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Jef, I'd also say the only thing that really works is stringing mono line above the perch areas, or using similar netting/mesh above large flats. If you can tangle their feet they won't try to land again--although they will poop when they hit the lines and get their feet tangles the first time.

The only fake animal that seems to work for any length of time is a hawk kite, or similar kite made up to look like a bird of prey. If you attach it to the backstay so the wind runs it up and about during the long as it is in the air and "swooping" they will stay clear. Problem is, eventually the wind dies and the kite goes in the water, or it tangles in something. But I've seen them clipped to guy wires on building roofs, and they work very well.

Last guys who used our cockpit must have really enjoyed the accomodations and they were good tippers, they left a whole herring in the corner for us. (UGH.)
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Old 02-10-2006, 11:26   #9
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Birds go where they will and they often prefer a location not for any reason other than it's a lat / long they prefer. As long as it's not on your boat it's best to live and let live.

1. Plastic creatures be they owls or anything else only fool people. Birds know the real thing. The can poop on them as well as anything else.

2. Fishing line flat out works 100% but you need it strung such that they can't easily fly in the area for risk of hitting it. The will avoid it. Strung overhead along a pier they just stay away and you won't get it around your neck.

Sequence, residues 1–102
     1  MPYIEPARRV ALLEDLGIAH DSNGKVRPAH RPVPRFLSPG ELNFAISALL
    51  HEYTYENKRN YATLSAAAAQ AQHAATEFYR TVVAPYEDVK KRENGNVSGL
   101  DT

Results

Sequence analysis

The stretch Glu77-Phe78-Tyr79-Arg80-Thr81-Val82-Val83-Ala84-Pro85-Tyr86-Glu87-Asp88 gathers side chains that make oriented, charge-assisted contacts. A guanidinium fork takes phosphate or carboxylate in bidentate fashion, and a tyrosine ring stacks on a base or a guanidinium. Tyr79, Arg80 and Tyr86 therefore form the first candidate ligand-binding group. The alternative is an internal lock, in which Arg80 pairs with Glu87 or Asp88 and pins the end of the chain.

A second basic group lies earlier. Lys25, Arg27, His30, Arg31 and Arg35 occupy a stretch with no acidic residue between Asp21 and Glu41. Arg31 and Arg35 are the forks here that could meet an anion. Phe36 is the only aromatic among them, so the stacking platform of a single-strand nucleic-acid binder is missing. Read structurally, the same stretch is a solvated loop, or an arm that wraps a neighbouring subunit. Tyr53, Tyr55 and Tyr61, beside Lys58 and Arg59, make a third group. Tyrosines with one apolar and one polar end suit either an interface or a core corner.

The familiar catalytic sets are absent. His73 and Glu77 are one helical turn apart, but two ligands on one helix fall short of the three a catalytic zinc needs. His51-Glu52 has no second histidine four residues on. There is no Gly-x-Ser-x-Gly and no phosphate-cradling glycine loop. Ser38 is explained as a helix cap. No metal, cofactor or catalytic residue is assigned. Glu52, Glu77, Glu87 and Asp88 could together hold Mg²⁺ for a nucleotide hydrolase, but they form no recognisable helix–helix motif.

3. On a mooring you are probably screwed. Attaching it to the boat may or may not be practical. There may be a reason that nouring became available. You should follow that lead and move. Moving may be the only for sure way to rid yourself of them. If they like one spot be some place not close but near by.

I almost bought a house with a 300 ft long dock. The neighbors for a quite a long way in each direction all had similar long docks to access deeper water. Only one dock had one of the worst seagull problems I've ever seen in my life. Very disgusting and a seroius footing problem as you walked along it. It was this house. In any other respcet all the homes and docks were very similar. It appeared the owner had tried many things to no avail. I think the fishing line was hung too low along the tops of the pylons. It needs to be 8 ft or more up and some times 3 or more rows of line work where one single line does not.